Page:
England World Cup Internet Exclusive

making sporting history


International football agency Kentaro came to Taylor Herring with an ambitious plan to broadcast the Ukraine Vs England Fifa World Cup 2010 qualifier exclusively live on the internet.

Kentaro had sold the broadcast rights of the fixture to Setanta in December 2007. However the Pay TV operator went into administration leaving the key match without a UK broadcaster. It would be the first time in history that a key England game would not be available to view on TV.

Kentaro hired digital sport specialist Perform, to stream the match online, on a pay-per-view basis. Fans would watch the landmark match by registering at ukraineVengland.com. Subscriptions would be available at an early-bird price of £4.99 rising to £11.99 for purchases made on the day.

With just 4 weeks’ notice Taylor Herring pulled together an aggressive PR plan to drive hype, excitement and awareness around the first ever exclusively online broadcast of an England game in the UK.

The Campaign

We positioned the fixture as an iconic milestone in the history of British broadcasting and technology, generating interest in how and where the game could be viewed.

We invited key journalists and opinion formers from a broad range of media to a press conference to unveil our plans and reveal our star pundit for the game, former England manager Sven-Göran Eriksson. Pre-recorded TV exclusives with BBC and Sky ensured that we dominated breakfast news coverage before the launch.

Post press conference, we staged a Q&A session with Eriksson, Philip Grothe (CEO of Kentaro) and Andrew Croker (Executive Chairman of Perform). This was followed by a photocall and one-on-one interviews. Peter Silverstone, Kentaro’s MD, was an active spokesperson for TV, radio and print.

A coalition of newspapers and ISP’s were brought together to stream the game via their own websites. Partners included; The Sun, The Times, News of the World, The Daily Mail, The Daily Telegraph, The Daily Express, The Daily Star, The Independent, Virgin Media and Orange. All websites offered a promotion where the user could watch the match for free if they opened an account with bet365.com, a leading online bookmaker.

Taylor Herring developed a crisis communications plan and provided support to Perform and Kentaro throughout the project devising Q&A’s and arranging media training. Multiple press releases and materials were pre-prepared for sell-in.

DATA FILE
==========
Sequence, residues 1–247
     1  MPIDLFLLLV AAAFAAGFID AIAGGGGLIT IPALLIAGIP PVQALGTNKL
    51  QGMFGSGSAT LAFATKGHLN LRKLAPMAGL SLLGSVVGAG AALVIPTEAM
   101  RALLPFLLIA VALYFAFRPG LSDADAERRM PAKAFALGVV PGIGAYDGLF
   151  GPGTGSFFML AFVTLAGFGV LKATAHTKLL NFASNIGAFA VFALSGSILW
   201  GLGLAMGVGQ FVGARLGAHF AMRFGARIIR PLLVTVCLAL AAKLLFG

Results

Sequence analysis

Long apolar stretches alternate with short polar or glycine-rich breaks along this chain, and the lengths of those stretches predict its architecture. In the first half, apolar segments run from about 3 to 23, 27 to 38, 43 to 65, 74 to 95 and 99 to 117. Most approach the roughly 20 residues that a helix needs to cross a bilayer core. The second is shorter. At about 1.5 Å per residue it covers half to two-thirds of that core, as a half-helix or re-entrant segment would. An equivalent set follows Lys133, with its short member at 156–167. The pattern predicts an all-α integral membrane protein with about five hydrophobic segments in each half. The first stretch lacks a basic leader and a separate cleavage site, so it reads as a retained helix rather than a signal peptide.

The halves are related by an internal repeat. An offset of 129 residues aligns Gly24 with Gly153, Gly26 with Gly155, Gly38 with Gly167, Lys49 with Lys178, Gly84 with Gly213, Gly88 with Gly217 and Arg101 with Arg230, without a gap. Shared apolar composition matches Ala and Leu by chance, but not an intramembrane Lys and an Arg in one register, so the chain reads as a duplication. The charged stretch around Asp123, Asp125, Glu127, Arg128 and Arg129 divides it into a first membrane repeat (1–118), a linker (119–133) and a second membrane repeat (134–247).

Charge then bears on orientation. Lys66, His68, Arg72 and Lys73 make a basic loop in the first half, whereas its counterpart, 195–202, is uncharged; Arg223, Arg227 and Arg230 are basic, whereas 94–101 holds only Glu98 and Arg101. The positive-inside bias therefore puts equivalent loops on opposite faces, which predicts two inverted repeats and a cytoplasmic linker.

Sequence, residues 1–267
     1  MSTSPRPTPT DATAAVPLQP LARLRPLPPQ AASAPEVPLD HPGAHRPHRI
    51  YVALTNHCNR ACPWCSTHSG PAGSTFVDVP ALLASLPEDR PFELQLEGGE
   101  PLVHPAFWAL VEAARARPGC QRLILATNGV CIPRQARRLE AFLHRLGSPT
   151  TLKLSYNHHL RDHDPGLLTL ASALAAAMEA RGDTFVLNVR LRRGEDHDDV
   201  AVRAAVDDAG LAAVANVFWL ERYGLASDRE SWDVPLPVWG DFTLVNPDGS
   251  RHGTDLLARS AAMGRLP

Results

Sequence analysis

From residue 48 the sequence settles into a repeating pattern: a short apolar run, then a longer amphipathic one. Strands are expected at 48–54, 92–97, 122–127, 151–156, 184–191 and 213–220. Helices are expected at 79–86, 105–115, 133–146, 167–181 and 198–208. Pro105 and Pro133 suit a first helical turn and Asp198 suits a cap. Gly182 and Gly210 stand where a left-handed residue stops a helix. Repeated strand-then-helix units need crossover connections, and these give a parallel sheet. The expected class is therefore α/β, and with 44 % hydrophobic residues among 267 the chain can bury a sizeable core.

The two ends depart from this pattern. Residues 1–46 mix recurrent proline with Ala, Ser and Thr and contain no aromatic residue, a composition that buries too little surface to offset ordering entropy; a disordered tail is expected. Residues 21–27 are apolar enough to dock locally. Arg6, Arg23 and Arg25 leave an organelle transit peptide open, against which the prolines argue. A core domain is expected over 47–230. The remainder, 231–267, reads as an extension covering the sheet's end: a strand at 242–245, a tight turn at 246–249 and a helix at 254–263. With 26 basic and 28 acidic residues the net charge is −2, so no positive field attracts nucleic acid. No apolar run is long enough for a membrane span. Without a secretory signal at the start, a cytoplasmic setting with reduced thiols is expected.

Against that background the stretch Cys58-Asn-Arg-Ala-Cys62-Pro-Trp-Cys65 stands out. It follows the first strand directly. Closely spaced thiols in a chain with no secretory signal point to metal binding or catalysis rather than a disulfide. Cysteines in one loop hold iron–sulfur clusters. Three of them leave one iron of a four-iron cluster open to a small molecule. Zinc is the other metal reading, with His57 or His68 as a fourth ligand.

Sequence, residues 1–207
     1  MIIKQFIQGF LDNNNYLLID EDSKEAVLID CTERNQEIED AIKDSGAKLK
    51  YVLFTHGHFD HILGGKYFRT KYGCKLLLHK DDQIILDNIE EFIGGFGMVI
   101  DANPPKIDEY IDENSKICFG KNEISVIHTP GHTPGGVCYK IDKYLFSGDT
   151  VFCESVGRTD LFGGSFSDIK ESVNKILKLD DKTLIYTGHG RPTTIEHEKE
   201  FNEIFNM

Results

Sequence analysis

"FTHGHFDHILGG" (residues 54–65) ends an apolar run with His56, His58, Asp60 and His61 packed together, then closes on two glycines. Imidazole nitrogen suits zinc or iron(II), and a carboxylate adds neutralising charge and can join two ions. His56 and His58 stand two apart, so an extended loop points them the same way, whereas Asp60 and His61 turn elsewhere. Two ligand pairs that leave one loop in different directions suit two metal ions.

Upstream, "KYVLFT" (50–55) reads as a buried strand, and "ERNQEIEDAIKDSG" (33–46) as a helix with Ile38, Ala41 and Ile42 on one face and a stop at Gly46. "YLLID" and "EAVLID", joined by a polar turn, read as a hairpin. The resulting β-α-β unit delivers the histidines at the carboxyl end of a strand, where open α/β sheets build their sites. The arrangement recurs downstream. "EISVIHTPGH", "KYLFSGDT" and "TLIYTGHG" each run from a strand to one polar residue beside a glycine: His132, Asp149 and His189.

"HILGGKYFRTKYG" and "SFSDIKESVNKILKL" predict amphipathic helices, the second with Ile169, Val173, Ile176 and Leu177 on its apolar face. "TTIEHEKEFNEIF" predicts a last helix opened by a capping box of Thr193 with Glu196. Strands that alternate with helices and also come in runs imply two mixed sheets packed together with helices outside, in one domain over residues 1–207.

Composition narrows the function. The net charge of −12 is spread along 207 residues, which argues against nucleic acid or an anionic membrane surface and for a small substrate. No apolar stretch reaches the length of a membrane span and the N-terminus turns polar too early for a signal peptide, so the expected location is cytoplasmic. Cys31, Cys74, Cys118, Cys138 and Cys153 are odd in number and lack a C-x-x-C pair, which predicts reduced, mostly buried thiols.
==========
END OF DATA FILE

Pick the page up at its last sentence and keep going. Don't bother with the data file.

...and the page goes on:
Taylor Herring facilitated a deal with Odeon group, via distributor Arts Alliance Media, who delivered a live stream of the game to cinemas across the country.

A special arrangement was made to screen the game to British Armed forces overseas for free. As many troops do not have internet access the game was broadcast into military bases via BFBS Television.

The story began in the sports pages but quickly gained crossover appeal resulting in our campaign becoming tailored to suit technological, news, media, features, and mainstream outlets in the media

There was some backlash experienced from disgruntled fans and sports writers who were less supportive of having to pay to view a game online. We were conscious of this obstacle throughout the campaign and proactively countered negative media commentary by positioning the venture as the hero solution.

Pre event coverage was achieved in every national newspaper including double page spreads in The Sun and Evening Standard all of which fully credited the website and detailed its subscription terms. Editorial was also secured in the likes of The Sunday Times, Sunday Telegraph, The Observer and News Of The World.

In the days leading up to the game our broadcast campaign delivered results on BBC News at 10, Sky News, ITV News, Channel 4 News, Five News, BBC Breakfast, GMTV and CNN as well as on key radio stations such as BBC Radio 1, BBC Radio Five Live, BBC Radio 2 and LBC 97.3.

Taylor Herring generated a wide online presence for the story with coverage running on a wide range of sites including PA.com, Reuters, BBC Online, Times Online, Telegraph.co.uk and Digital Spy.

The story became an international talking point with major publications such as The New York Times, Washington Post, Bangkok Post and South China Morning Post, amongst others, all picking up on the announcement.


The campaign delivered: 72 national newspaper articles, 17 national radio items, 28 national and regional TV Items, 88 regional newspaper articles and 142 major online news stories.
Close to half a million football fans watched and earned their place in the history books, as the game became Britain’s biggest internet pay-to-view sports broadcast.